With the 392, you get 470 hp to go with your 470 lb-ft of torque, it makes amazing noises, and it's a good bit quicker than anything else in the Wrangler lineup. Jeep says it'll do 0-60 in just 4.5 seconds (vs. nearly 6.0 for the 4xe) on the way to its 99-mph top speed. It also has a fancy, hood-mounted induction system that allows it to ford more water than any other Rubicon variant, and gets a functional hood scoop to go with it.

Cons? Well, there's that 99-mph top speed, which seems like a miss for a V8 model that can really only take advantage of that power in a straight line. It also gets miserably bad fuel economy, costs a fortune ($75k and up) and is only available as a Rubicon model.

JP021_452WRiev5nmd864nesep2iaeuqqjkce.jpg
3053ef00-eec0-11ea-befc-da4d724171bf.jpg


So, while I'm trying to convince you that the two are worth comparing, the reality as that they are two very different Jeeps for very different buyers. The Rubicon 392 is the apex Jeep; the one you buy to show off your superfan status. It's big, tall, loud and proud — a signal that the owner embraces a lifestyle of conspicuous consumption but with a folksy, blue-collar vibe. On the road the 4xe is the better all-around package. It feels more car-like than the 392 since it carries less weight in the nose, and it rides more like a regular Rubicon — bumpy, for sure, but more tolerable than the harsher 392. Sure, you're giving up speed and that glorious V8 howl, but they come at a hefty premium.

The 2021 Wrangler 4xe is the do-anything Wrangler. It demonstrates all of the flexibility that makes Jeep's iconic off-roader so endearing while simultaneously offering an added layer of practicality for a far more reasonable up-front premium. For $25k less than the Rubicon 392, you can walk away with a Sahara 4xe and a $7,500 tax credit, and if your commute is short enough, you may never pay a dime for gas. The future is here, and it's pretty darned good, which is not-so-coincidentally how I feel about the 2021 Jeep Wrangler 4xe. I called it the best all-around Wrangler money can buy, after all, and hopefully this rundown helped explain why.
First I agree on the Hemi for 75k 99 mph is an insult. The gas mileage is to be expected you don't buy a Hemi anything for good gas mileage.
Now to the 4xe the all electric range in this day and age is disappointing I would have expected better.
The same for me holds for the highway mpg and performance.
I just see the 4xe as Jeep's version of a Prius.
I'm either getting the diesel for distance and the torque or the six for reliability and reasonable all around usability.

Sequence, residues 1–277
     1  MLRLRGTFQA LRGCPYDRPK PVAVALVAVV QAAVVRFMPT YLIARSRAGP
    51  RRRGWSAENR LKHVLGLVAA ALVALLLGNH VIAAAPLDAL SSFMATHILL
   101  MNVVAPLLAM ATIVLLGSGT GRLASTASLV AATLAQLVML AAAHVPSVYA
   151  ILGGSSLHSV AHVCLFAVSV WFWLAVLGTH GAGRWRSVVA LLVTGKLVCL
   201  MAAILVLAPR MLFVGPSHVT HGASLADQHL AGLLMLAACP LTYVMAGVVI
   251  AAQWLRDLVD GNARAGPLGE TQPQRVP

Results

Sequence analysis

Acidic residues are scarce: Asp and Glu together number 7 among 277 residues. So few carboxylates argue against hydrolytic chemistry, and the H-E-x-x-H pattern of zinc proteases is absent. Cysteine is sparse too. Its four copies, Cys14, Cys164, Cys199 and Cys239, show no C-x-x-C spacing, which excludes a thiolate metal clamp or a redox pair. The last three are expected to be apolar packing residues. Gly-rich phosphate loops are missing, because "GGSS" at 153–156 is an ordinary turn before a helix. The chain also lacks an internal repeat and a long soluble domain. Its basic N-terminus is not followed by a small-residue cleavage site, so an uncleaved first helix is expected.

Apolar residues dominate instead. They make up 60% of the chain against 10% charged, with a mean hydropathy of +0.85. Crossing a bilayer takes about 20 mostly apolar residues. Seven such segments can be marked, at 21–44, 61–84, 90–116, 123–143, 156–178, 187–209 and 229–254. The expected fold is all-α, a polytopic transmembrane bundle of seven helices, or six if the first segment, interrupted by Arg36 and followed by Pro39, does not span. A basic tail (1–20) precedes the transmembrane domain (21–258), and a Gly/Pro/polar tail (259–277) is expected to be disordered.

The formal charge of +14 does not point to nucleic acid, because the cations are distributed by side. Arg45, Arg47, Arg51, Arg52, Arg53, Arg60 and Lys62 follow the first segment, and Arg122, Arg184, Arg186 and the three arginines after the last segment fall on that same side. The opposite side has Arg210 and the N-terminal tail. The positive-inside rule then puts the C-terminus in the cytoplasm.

My wife and I bought the JLU Willys which for our use case is perfect.
Some highway along with in town.
Even with the $7,500.00 rebate the final deal was slightly less and no special worries about a new drivetrain from Jeep.
One last thought if the electric range was 30 miles or somewhat more it then makes sense.
 

631_Islander

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Jeep Wrangler Rubicon 4xe vs. Jeep Wrangler Rubicon 392 | Quick Comparison
When Wrangler battles Wrangler, the winner is you

Via Autoblog.com




2021 has been a good model year for the Jeep Wrangler. Over the past twelve months, we've seen the introduction of both the V8-powered Rubicon 392 and the plug-in hybrid 4xe. Rewind 10 years and imagine how you would have felt if somebody even suggested a comparison between a plug-in hybrid and a V8 truck or 4x4, but here we are, and it actually makes a good deal of sense. They're both new, they're both quite powerful and quite capable. But which one is better? Let's take a look.

IMG_7360.jpg


Let's start off with the challenger (small c): the 4xe. On the plus side, you get 22 miles of 100% electric range thanks to that 17kWh battery pack, which qualifies it for the full $7,500 federal EV Tax credit. That battery juices a powertrain with a total system output of 375 horsepower and 470 pound-feet of torque, which makes it the second-most-powerful Wrangleroffered from the factory (and tied for first in torque). The 4xe powertrain is available on the Sahara, Rubicon and High Altitude trims, which gives you several choices in both equipment and budget. Good start.

In the negative column, the 4xe loses virtually all of its efficiency benefits when you cruise long distances on the highway, and the turbocharged gasoline engine is pretty uninspiring when it's saddled with doing all of the work. Run the battery down and the 4xe becomes little more than an extra-heavy Rubicon 2.0T in the efficiency department. That's not great.

2021-jeep-wrangler-rubicon-392-171.jpg


With the 392, you get 470 hp to go with your 470 lb-ft of torque, it makes amazing noises, and it's a good bit quicker than anything else in the Wrangler lineup. Jeep says it'll do 0-60 in just 4.5 seconds (vs. nearly 6.0 for the 4xe) on the way to its 99-mph top speed. It also has a fancy, hood-mounted induction system that allows it to ford more water than any other Rubicon variant, and gets a functional hood scoop to go with it.

Cons? Well, there's that 99-mph top speed, which seems like a miss for a V8 model that can really only take advantage of that power in a straight line. It also gets miserably bad fuel economy, costs a fortune ($75k and up) and is only available as a Rubicon model.

JP021_452WRiev5nmd864nesep2iaeuqqjkce.jpg
3053ef00-eec0-11ea-befc-da4d724171bf.jpg